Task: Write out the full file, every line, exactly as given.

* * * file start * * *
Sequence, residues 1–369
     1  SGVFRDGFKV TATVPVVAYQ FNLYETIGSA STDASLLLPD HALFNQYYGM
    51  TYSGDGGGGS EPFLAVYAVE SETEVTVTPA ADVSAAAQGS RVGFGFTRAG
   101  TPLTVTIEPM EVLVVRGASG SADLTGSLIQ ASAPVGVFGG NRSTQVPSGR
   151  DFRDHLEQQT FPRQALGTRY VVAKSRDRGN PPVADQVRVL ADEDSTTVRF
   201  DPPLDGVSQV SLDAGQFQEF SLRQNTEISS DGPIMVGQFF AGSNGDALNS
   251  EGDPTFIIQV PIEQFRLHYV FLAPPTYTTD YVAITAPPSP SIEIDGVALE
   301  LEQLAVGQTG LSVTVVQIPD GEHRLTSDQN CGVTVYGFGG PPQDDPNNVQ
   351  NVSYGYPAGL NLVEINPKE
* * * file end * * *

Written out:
Sequence, residues 1–369
     1  SGVFRDGFKV TATVPVVAYQ FNLYETIGSA STDASLLLPD HALFNQYYGM
    51  TYSGDGGGGS EPFLAVYAVE SETEVTVTPA ADVSAAAQGS RVGFGFTRAG
   101  TPLTVTIEPM EVLVVRGASG SADLTGSLIQ ASAPVGVFGG NRSTQVPSGR
   151  DFRDHLEQQT FPRQALGTRY VVAKSRDRGN PPVADQVRVL ADEDSTTVRF
   201  DPPLDGVSQV SLDAGQFQEF SLRQNTEISS DGPIMVGQFF AGSNGDALNS
   251  EGDPTFIIQV PIEQFRLHYV FLAPPTYTTD YVAITAPPSP SIEIDGVALE
   301  LEQLAVGQTG LSVTVVQIPD GEHRLTSDQN CGVTVYGFGG PPQDDPNNVQ
   351  NVSYGYPAGL NLVEINPKE